As Elder D. Todd Christofferson of the Quorum of the Twelve stated in a recent General Conference, “it should be remembered that not every statement made by a Church leader, past or present, necessarily constitutes doctrine. It is commonly understood in the Church that a statement made by one leader on a single occasion often represents a personal, though well-considered, opinion, not meant to be official or binding for the whole Church.”
The rare foray into politics by particular General Authorities should not be interpreted as Church doctrine. Elder Neal L. Anderson of the Twelve provided instruction last October on how doctrine is established: “There is an important principle that governs the doctrine of the Church. The doctrine is taught by all 15 members of the First Presidency and Quorum of the Twelve. It is not hidden in an obscure paragraph of one talk. True principles are taught frequently and by many. Our doctrine is not difficult to find.”
Prophets and apostles are entitled to their personal opinions on political issues of their day. The Church of Jesus Christ of Latter-day Saints has no papal infallibility dogma. Joseph Smith taught that “a prophet [is] a prophet only when he [is] acting as such.” Church members and even the Church’s highest leaders come from a variety of political backgrounds. While it is true that in recent decades, most members of the Twelve have been registered Republicans, there have been a few notable Democrats, including Presidents James E. Faust and Hugh B. Brown.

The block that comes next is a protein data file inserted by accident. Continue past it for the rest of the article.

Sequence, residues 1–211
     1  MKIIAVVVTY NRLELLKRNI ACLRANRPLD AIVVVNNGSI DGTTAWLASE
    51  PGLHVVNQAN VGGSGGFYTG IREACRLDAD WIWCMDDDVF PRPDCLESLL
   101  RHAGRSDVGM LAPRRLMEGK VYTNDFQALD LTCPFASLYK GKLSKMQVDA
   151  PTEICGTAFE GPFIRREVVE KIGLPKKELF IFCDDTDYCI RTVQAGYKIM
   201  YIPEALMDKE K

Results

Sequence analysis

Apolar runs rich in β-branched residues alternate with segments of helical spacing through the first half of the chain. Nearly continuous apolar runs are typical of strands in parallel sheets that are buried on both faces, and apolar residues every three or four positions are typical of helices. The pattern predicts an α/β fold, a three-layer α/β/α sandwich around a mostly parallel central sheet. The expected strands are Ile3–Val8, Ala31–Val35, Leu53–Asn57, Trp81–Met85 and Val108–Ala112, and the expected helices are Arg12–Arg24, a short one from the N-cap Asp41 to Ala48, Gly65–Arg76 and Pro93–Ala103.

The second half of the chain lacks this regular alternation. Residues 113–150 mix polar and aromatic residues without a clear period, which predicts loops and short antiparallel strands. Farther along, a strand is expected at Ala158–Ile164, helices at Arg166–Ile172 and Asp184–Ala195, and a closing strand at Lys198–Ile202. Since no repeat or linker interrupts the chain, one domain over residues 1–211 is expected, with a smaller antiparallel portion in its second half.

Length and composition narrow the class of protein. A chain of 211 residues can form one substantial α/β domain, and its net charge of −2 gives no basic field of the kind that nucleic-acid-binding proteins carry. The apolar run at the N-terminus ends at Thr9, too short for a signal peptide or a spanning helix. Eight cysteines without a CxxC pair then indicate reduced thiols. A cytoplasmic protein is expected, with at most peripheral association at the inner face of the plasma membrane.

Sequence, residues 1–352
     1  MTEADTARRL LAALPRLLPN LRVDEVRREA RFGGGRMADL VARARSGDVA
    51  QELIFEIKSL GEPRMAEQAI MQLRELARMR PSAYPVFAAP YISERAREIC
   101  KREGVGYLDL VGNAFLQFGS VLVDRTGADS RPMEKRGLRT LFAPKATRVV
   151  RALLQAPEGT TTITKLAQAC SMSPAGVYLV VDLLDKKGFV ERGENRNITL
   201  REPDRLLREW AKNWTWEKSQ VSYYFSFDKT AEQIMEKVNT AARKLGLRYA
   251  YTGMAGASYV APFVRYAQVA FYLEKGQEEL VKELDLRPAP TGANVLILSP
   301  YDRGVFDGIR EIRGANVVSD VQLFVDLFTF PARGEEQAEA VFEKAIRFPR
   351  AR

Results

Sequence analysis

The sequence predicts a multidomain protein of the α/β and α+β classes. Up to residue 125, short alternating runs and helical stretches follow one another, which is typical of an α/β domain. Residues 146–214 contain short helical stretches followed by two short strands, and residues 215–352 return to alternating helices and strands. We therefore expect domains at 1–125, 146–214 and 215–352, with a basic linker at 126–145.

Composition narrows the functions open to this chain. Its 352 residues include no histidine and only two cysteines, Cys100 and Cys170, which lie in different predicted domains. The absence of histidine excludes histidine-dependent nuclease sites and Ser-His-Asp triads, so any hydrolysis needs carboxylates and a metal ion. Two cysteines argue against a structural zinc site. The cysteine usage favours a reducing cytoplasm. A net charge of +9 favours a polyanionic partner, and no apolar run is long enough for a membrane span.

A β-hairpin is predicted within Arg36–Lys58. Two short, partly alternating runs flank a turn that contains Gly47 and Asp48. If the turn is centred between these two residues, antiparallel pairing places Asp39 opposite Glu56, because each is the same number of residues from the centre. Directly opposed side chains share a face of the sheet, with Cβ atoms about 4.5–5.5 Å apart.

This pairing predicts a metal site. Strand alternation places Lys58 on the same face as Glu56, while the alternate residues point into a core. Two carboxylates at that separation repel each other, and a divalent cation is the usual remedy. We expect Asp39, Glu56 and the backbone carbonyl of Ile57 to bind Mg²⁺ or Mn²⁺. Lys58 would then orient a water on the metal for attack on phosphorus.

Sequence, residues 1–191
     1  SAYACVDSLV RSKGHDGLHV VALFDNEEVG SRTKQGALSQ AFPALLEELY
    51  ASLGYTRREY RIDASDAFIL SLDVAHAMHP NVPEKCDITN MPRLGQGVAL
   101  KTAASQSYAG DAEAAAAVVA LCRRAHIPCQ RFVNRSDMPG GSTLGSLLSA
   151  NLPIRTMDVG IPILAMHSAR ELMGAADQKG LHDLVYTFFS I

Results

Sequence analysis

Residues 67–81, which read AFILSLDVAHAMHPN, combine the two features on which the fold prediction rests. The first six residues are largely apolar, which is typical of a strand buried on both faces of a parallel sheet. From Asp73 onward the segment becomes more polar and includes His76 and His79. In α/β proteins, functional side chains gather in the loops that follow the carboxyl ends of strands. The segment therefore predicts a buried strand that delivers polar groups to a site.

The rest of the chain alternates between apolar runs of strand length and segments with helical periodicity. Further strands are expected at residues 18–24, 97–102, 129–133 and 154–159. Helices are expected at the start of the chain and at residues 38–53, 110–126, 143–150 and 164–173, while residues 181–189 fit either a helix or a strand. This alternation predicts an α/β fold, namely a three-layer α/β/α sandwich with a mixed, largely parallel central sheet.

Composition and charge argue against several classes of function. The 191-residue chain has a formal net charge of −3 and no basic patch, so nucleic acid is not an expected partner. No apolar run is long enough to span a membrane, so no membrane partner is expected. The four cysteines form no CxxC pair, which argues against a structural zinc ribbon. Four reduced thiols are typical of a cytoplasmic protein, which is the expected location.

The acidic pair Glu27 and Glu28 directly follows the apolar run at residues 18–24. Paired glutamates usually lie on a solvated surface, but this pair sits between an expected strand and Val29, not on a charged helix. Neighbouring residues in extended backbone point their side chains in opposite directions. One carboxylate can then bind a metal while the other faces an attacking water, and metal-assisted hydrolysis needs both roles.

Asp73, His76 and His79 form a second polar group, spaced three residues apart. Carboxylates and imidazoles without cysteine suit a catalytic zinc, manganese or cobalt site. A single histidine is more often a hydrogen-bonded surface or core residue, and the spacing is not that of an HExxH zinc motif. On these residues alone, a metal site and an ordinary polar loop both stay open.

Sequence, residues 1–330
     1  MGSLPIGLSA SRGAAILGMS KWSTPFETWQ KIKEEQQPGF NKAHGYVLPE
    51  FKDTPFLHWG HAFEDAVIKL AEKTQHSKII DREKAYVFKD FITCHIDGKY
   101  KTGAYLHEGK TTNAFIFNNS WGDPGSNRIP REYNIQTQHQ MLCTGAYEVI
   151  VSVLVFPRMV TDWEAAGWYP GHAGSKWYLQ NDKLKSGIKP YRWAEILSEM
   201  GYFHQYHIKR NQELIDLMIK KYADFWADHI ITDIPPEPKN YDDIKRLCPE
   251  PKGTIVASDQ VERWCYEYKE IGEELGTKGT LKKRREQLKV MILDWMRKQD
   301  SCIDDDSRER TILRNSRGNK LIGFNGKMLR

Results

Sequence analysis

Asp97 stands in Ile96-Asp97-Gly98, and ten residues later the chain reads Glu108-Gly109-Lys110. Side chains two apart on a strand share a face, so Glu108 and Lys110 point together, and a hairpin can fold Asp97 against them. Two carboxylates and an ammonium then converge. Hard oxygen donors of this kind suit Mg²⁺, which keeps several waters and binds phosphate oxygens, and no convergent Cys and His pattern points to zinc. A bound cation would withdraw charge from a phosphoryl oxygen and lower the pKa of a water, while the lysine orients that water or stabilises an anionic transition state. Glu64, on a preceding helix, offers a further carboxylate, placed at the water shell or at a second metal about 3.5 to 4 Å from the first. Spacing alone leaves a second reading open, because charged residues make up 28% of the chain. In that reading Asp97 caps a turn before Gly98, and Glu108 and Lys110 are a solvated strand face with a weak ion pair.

Speaking at a BYU commencement in 1968, President Brown counseled graduating students to “Strive to develop a maturity of mind and emotion and a depth of spirit which enables you to differ with others on matters of politics without calling into question the integrity of those with whom you differ. Allow within the bounds of your definition of religious orthodoxy variation of political belief. Do not have the temerity to dogmatize on issues where the Lord has seen fit to be silent.” He also warned, “beware of those who feel obliged to prove their own patriotism by calling into question the loyalty of others. Be skeptical of those who attempt to demonstrate their love of country by demeaning its institutions.”
President George Albert Smith made similar remarks when he stated, “Whenever your politics cause you to speak unkindly of your brethren, know this, that you are upon dangerous ground.”
Politics are worldly. Attempts to infuse one’s politics with Church doctrine in order to claim some mantle of divine approval make a mockery of the Gospel. The Church’s statement on political neutrality establishes a clear standard of institutional impartiality in partisan politics. As members of the Church, we must strive to be of “one faith” in things spiritual, while respecting the cultural and political diversity that exists among us.